Staying Warm at Home
I recently moved into a new apartment, and like most homes in the Bay Area, the insulation is terrible. Heat leaks through the windows and drafts come in from under the doors. It doesn’t get too cold here in the Bay, but it can get pretty dang chilly.
Rather than run my heating bill up, I often just rely on some simple at-home layering. Wool long johns can be put underneath a pair of pajamas to give some extra warmth, and a wool sweater can be thrown over whatever else I might wear at home. My favorite long johns are by Smartwool, who produces them in both light- and mid-weights (I prefer the latter). You can usually find them on sale at Camp Mor, Sierra Trading Post, or REI. Icebreakers is also pretty nice, though from my experience less warm than Smartwool, and I’ve heard good things about Uniqlo’s Heattech.
For sweaters, cashmere is obviously the warmest, but unless you’re going second-hand, the good stuff can be exorbitantly expensive. Cotton is pretty useless since it doesn’t retain heat all that well. Best, I think, are really thick sweaters made from lambswool or merino, which will have the kind of loft necessary to keep you comfortable. I personally wear a chunky, 6-ply lambswool cardigan from Ovadia and Sons (they’re having a sale right now, but sadly this season’s cardigan is not included). There similar pieces by Scott & Charters, Ben Silver, O’Connell’s, and Inverallan (the last of which Pete recently wrote about). Of course, you don’t have to wear a cardigan. Any style will do, so long as the sweater is thick.
In the mornings, I usually wear a pair of long johns and some pajamas, but once I come home at night, I’m usually in a pair of jeans, some at-home slippers, a button up shirt, and my chunky cardigan. It’s cheaper in the long-run than running the heater, more environmentally friendly, and frankly a good excuse to buy nice clothing.
And for those of us with significant others, sometimes excuses are necessary. 

Staying Warm at Home

I recently moved into a new apartment, and like most homes in the Bay Area, the insulation is terrible. Heat leaks through the windows and drafts come in from under the doors. It doesn’t get too cold here in the Bay, but it can get pretty dang chilly.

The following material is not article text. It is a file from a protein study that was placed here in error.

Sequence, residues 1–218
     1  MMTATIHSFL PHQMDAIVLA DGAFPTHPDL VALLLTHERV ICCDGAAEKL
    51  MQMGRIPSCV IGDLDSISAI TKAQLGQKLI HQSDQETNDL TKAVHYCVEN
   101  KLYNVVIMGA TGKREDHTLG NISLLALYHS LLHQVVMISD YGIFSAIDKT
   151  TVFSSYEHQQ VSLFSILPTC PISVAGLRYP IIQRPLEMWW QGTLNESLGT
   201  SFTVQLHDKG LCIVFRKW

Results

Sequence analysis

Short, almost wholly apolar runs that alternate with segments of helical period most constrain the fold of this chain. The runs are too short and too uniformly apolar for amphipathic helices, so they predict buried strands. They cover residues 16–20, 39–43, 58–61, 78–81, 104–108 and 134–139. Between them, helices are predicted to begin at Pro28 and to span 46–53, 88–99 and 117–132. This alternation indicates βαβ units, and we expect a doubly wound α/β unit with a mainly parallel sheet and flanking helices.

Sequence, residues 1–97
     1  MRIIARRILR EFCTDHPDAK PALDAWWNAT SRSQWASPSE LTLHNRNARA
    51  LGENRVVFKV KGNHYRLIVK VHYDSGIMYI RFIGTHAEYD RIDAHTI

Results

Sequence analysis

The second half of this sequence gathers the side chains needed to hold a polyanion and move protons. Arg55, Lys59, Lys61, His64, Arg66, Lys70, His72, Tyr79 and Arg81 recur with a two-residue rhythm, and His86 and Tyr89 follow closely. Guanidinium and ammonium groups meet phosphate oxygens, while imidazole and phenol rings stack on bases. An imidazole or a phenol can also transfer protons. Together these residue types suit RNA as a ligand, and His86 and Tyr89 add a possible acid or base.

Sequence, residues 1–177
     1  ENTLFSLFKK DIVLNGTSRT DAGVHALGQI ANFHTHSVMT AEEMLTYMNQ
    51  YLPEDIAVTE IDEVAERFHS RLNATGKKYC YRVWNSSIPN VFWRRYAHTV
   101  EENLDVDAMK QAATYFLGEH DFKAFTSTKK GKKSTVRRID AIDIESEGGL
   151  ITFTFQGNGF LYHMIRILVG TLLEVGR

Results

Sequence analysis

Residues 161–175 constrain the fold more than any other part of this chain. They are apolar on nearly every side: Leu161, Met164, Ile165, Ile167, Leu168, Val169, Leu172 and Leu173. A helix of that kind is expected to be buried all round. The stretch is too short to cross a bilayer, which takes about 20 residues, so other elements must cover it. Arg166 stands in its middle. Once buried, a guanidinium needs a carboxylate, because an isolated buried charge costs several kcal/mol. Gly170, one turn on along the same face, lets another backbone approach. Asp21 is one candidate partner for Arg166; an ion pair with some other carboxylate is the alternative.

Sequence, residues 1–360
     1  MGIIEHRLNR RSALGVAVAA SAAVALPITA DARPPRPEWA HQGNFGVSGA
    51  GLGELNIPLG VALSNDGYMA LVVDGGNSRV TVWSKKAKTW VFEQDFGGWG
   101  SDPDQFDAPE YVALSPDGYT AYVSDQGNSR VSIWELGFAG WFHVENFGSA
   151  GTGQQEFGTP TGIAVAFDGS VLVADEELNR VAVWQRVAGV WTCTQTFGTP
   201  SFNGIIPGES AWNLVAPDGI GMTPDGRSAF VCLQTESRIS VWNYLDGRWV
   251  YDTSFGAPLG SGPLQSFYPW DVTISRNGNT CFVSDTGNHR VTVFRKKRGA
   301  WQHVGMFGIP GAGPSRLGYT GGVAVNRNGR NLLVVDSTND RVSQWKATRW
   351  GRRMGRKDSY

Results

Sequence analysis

Rather than run my heating bill up, I often just rely on some simple at-home layering. Wool long johns can be put underneath a pair of pajamas to give some extra warmth, and a wool sweater can be thrown over whatever else I might wear at home. My favorite long johns are by Smartwool, who produces them in both light- and mid-weights (I prefer the latter). You can usually find them on sale at Camp MorSierra Trading Post, or REI. Icebreakers is also pretty nice, though from my experience less warm than Smartwool, and I’ve heard good things about Uniqlo’s Heattech.

For sweaters, cashmere is obviously the warmest, but unless you’re going second-hand, the good stuff can be exorbitantly expensive. Cotton is pretty useless since it doesn’t retain heat all that well. Best, I think, are really thick sweaters made from lambswool or merino, which will have the kind of loft necessary to keep you comfortable. I personally wear a chunky, 6-ply lambswool cardigan from Ovadia and Sons (they’re having a sale right now, but sadly this season’s cardigan is not included). There similar pieces by Scott & Charters, Ben Silver, O’Connell’s, and Inverallan (the last of which Pete recently wrote about). Of course, you don’t have to wear a cardigan. Any style will do, so long as the sweater is thick.

In the mornings, I usually wear a pair of long johns and some pajamas, but once I come home at night, I’m usually in a pair of jeans, some at-home slippers, a button up shirt, and my chunky cardigan. It’s cheaper in the long-run than running the heater, more environmentally friendly, and frankly a good excuse to buy nice clothing.

And for those of us with significant others, sometimes excuses are necessary. 



Staying Warm
I was joking with friends a few weeks  ago that Napoleon should have waited for global warming before he  invaded Russia. Even in early December, Moscow didn’t feel that cold and  I was able to get by with some good sweaters and a fall coat. In the  last few days, however, it finally feels like winter. It’s  about 25°F here and snow has fallen. My neighborhood looks  like a Russian winter wonderland.